Construction of the Hoover Dam attracts a fine cast of characters in a solid debut.
The lives of three heartbroken people—an engineer, a young divorcée, and a furious young fighter—converge in southern Nevada, the only healthy spot in an equally heartbroken and battered country in the last days of the Hoover administration. Young engineer Filius Poe brings a stellar resume from his Wisconsin home after years of increasingly responsible positions building minor dams. Emotionally numb following the sailing death of his nine-year-old son and the sympathetic death of his wife, burdens for which he blames himself, Poe is living only to work, smoke, and drink. Lena McCardell has fled her lifetime home in Oklahoma with her young son Burr after the discovery of her salesman husband’s bigamy. Pint-sized professional ruffian Lew Beck has scuttled in from Los Angeles, leaving behind his clueless immigrant parents, a trail of barely breathing bodies, and the humanity he lost in childhood. These three, and a dozen or so carefully sketched supporting characters, join the thousands of workers, some professional but most barely skilled, using brute force and brilliant engineering to wrench the Colorado River from its course in order to build the biggest dam in the world, a marvel that will plug in the desert and make today’s Las Vegas possible. The sweet, careful, mutual attractions of Lena and Filius and of the engineer for the boy are handled skillfully, as is the terrifying malevolence of the increasingly murderous Beck, who haunts the story as powerfully as Iago. The construction scenes are as clear and compelling as the newsreels and documentary films in which writer Murkoff must have steeped himself. Detracting only slightly is the tendency of characters to speak either in expository prose or ’30s movie dialogue, the dark side of watching too many newsreels.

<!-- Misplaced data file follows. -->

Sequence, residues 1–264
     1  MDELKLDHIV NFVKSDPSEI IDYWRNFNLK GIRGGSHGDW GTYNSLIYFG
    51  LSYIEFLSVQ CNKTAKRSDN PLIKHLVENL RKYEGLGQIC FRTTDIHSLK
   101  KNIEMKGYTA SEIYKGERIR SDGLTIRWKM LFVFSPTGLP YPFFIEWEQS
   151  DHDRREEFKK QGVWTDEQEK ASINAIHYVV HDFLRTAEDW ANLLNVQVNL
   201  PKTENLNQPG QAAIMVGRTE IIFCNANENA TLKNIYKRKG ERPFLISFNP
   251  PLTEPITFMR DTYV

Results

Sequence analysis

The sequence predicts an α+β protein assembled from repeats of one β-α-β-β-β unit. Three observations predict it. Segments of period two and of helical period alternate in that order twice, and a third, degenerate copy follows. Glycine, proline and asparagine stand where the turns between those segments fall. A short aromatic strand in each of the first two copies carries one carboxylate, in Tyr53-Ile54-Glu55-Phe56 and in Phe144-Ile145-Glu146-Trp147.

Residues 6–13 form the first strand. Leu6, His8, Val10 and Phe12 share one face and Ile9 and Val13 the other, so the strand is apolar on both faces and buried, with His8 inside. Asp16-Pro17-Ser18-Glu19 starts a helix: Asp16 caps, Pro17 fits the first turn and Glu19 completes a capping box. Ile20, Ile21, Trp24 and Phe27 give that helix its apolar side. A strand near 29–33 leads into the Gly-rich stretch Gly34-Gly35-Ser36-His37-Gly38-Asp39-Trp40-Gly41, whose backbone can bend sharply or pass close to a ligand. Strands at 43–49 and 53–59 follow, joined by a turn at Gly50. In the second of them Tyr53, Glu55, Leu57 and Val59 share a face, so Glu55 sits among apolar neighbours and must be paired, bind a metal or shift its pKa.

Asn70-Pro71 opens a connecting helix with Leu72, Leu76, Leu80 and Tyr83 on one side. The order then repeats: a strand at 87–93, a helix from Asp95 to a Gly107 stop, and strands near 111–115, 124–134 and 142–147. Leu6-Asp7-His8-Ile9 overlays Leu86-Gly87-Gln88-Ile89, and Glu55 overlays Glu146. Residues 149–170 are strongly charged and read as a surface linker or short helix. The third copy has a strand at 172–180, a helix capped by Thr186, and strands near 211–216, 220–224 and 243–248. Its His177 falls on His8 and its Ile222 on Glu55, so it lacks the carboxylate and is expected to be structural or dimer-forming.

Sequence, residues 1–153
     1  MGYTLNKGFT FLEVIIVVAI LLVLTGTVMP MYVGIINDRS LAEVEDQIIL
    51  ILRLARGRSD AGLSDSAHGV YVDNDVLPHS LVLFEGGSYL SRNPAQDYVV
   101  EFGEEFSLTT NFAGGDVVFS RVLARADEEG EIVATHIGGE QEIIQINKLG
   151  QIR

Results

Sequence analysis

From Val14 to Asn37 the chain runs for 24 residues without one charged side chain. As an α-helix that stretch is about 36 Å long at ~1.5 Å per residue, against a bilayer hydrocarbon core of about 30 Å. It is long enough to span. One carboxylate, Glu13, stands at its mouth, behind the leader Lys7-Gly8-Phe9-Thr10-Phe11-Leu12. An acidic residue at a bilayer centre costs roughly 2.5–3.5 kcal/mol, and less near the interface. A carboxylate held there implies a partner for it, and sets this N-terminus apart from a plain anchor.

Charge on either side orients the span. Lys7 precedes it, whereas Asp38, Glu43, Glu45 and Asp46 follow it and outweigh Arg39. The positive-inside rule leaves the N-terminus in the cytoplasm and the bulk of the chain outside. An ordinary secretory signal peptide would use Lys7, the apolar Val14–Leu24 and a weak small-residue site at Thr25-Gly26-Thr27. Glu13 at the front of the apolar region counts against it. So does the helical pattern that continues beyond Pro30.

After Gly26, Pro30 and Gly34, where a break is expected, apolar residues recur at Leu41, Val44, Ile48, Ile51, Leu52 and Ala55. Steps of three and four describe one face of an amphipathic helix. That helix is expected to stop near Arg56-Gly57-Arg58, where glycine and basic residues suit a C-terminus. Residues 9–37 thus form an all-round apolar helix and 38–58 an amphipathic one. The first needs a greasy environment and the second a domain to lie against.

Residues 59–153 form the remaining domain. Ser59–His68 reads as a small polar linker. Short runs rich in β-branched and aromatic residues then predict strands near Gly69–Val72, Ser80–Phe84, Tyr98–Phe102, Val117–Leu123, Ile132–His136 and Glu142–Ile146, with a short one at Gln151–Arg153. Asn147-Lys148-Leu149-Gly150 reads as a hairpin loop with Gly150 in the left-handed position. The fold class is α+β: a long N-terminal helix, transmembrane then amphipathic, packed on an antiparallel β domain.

Ambitious and ultimately successful. Like the big dam.